We take a look at building up a basic Psytrance groove using Ableton Live, then show you how this powerful program can help you work you psytrance loops into basic track ideas. We’ve used Nuborn’s Psytrance Samples Vol 2 pack as a fast way to build our groove, since it contains all the samples and MIDI we’ll need in one place. If you have problems loading the video player below try refreshing your page and hitting the play button again, you can also view this in full screen mode.
We’ve started off by setting our tempo to a suitable 145 BPM then chosen the psytrance drum loop that Nuborn use in their demo track. As you can see one of the beauties of Live is it’s instant and accurate time stretching abilities – simply drag and drop your audio loop into the clip view window, it’ll even create a new track for you if there isn’t a spare track handy.
Next we add in a kick drum, using a Simpler, Live’s basic sampler, recording in a 4/4 kick pattern using our MIDI keyboard. Live will automatically quantize our playing to the setting in the record quantization menu. You can change this easily by choosing Edit Menu -> Record Quantize.
We continue to build up our groove using one of the psytrance basslines from the Nuborn pack, however you could easily edit in your own pattern using the MIDI note editor. As with audio to import a MIDI file all you need to do is drag and drop from Live’s browser window, then assign an instrument to the MIDI track. You could choose any VSTi you have, but we’ve opted for a bass preset from Simpler ‘Monobass’. Notice we tweak the envelope of the sampler to get that tight ‘Psy’ bass sound.
We then add a crash cymbal to our groove and continue to add in an acid stab, again using Simpler and recording in our pattern using our MIDI keyboard. We then add some delay FX to the acid stab to give that spacey feel. Next a standard TR-909 style Hi-Hat finishes our basic groove.
Moving on we need a melodic part to finish our psytrance loop so we skip through some of the MIDI’s in the pack. Choosing a suitable sequence we tune it to the key of our track then flick through the Synth Stab section and choose one we like the sound of. Adding the stab to simpler we tune it to the key of our track.
Next its time for some Psy filter fun. We add Live’s Auto Filter to the synth stab track and choose a preset at random. We then sync the filter’s LFO to Live’s tempo, tweak our settings and there you have it – a twisting psychedelic synth groove.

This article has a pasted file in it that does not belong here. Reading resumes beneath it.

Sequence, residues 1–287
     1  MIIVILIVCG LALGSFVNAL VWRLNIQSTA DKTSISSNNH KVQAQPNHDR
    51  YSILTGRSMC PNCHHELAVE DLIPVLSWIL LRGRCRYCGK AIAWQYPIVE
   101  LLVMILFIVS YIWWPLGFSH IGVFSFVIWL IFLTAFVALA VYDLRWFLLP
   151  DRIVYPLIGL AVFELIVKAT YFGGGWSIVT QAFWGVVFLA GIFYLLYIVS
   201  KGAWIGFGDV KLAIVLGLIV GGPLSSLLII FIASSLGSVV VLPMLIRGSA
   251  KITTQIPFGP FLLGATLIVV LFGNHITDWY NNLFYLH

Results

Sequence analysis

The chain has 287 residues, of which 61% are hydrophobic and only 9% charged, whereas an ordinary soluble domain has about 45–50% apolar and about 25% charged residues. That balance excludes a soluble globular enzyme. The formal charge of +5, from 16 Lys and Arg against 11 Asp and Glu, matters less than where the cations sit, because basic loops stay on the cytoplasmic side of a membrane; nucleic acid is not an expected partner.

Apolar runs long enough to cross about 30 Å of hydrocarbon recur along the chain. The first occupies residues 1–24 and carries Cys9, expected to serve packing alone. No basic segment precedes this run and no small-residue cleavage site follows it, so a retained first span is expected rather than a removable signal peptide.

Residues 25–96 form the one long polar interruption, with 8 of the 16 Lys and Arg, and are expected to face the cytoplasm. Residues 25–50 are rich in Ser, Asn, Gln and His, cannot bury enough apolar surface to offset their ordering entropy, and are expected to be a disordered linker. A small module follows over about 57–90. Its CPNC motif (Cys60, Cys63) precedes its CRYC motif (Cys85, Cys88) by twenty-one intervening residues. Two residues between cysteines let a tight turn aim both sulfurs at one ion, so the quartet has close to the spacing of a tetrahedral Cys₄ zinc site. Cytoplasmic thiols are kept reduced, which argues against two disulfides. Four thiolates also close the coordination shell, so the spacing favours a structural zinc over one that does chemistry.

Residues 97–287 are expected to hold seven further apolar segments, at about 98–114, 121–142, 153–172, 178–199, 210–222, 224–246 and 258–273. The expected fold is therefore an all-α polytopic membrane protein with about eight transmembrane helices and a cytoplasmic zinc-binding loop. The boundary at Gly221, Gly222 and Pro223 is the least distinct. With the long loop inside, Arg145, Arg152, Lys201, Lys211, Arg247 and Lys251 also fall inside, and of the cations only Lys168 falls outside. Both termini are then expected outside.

Now its time for a little arrangement fun! We’re using lives ‘Scenes’ (the lines that run horizontally along the clip view) to create different scenes that we can flick through at will. This is a great way to build up sequences to play live in clubs since you can flick between any of these easily, one over-riding the next. You can see how we build up each ‘scene’ with the elements that we’d like it to contain then use the scene play buttons on the far right of the screen to flick through each to create a ‘live’ psytrance track. As with all controls in Live it’s possible to assign pretty much any control that you can see on the screen to a MIDI keyboard, knob, slider or keyboard press, so triggering samples and sequences is a doddle.
This is just the tip of the iceberg of what you can do with Ableton Live, and if all this sounds like alien gibberish we suggest that you download the demo version and take a leaf through the excellent built in tutorials that come with Live, they take a few minutes each and will really show you how powerful this software can be, especially for performance orientated musicians.
Mark is a passionate DJ who loves to remix and make tracks with various synth sounds and producer packs. Mark works for DMS in the UK who sell various DJ music sample packs. Click for more information, here.
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